Racial Stereotypes: Black Men Perceived As Bigger, More Threatening, Study Finds
In a society that constantly battles discrimination it might be surprising to find different ethnic groups are still prone to social bias.
Nevertheless, a new study by the American Psychological Association reveals black men are perceived to be larger and more threatening than their same-sized white counterparts.
The research, featured in the Journal of Personality and Social Psychology, offers clear insight into how racial prejudice still affects social interactions and suggests widely spread stereotypes don't have a strong basis in reality.
'More Harmful And Deserving Of Force'
In a series of experiments designed to determine to what extent someone's ethnicity influences general perception, more than 950 online participants from the United States were asked to judge a group of individuals and assess their physical features after seeing their faces in color photographs.
The images portrayed black and white men of the same body type, which were evaluated by the participants on their estimated height, weight, strength and overall muscularity.
According to lead author John Paul Wilson, from Montclair State University, the study participants all made "consistently biased" estimates, and perceived the black men pictured in the photographs as larger, stronger and more muscular than the white men, despite both groups being the same size.
"Participants also believed that the black men were more capable of causing harm," Wilson said in a statement. The study author added most respondents agreed "the police would be more justified in using force to subdue them," regardless of whether they were armed or not.
A Vicious Circle
Surprisingly, not only white study participants exhibited an altered, stereotypical perception. Black people also displayed bias when assessing photos of black young men, but with a notable difference: although they still distinguished them as more muscular, they didn't judge them to be more dangerous or to command a more forceful response.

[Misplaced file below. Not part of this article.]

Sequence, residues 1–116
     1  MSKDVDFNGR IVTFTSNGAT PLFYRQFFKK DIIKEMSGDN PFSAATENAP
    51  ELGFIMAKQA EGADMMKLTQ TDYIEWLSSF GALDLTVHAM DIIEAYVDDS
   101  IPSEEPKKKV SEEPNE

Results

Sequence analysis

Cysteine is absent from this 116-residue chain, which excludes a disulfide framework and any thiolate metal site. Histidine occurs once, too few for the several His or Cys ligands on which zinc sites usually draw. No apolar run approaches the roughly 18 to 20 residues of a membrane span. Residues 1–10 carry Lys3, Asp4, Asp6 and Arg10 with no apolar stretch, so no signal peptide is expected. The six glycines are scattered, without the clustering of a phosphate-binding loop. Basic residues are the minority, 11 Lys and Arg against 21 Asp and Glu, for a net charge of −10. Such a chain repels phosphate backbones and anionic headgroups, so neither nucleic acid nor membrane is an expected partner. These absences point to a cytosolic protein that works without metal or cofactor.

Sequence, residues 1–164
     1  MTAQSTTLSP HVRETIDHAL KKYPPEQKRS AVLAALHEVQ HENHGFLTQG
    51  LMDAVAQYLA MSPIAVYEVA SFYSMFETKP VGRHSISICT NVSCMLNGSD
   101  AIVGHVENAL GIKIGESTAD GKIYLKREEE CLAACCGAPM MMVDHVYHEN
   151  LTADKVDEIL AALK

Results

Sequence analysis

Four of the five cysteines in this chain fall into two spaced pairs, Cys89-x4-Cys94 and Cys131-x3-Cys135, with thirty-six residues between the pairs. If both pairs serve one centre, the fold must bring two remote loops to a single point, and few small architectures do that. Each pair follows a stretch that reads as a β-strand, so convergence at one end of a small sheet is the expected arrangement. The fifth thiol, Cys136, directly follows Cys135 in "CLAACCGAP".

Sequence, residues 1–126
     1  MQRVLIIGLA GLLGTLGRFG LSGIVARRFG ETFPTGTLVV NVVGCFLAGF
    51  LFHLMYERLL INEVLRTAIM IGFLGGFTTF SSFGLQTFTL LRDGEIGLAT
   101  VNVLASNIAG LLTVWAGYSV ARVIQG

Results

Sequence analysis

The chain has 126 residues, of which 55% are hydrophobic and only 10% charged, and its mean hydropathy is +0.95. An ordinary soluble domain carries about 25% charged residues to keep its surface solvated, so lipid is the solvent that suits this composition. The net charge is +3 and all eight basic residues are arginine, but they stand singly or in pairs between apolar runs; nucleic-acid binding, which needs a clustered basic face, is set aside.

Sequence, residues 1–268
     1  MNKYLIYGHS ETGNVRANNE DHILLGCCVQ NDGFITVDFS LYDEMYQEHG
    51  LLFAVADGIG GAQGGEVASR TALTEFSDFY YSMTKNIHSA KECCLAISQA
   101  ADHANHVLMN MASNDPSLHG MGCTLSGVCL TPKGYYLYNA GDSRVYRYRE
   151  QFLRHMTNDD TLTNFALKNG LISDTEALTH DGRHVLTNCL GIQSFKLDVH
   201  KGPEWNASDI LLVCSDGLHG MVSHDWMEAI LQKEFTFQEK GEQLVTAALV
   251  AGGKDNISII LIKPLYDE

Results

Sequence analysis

Another experiment in the study required participants to view images of male bodies having the same physical measurements. To differentiate them based on ethnicity, participants had only "black" or "white" image labels to go on. The results again showed an unmistakable tendency to describe black bodies as taller and heavier.
A third experiment involved assessing facial features and uncovered stereotypical-looking physiognomies tend to elicit a biased size perception. Study conclusions point out racial prejudice is not contained only within the boundaries of black versus white groups, but also present within the black community, where it becomes applicable "according to facial features."
The misperception of black men's stature and implied aggressiveness negatively impacts not only every-day social connections, but also interactions with law enforcers.
"Unarmed black men are disproportionately more likely to be shot and killed by police, and often these killings are accompanied by explanations that cite the physical size of the person shot," explains Wilson.
However, Wilson clearly states his study doesn't replicate the real-world threat scenarios police officers face in their line of work and calls for further research into the role of racial bias in potentially dangerous situations.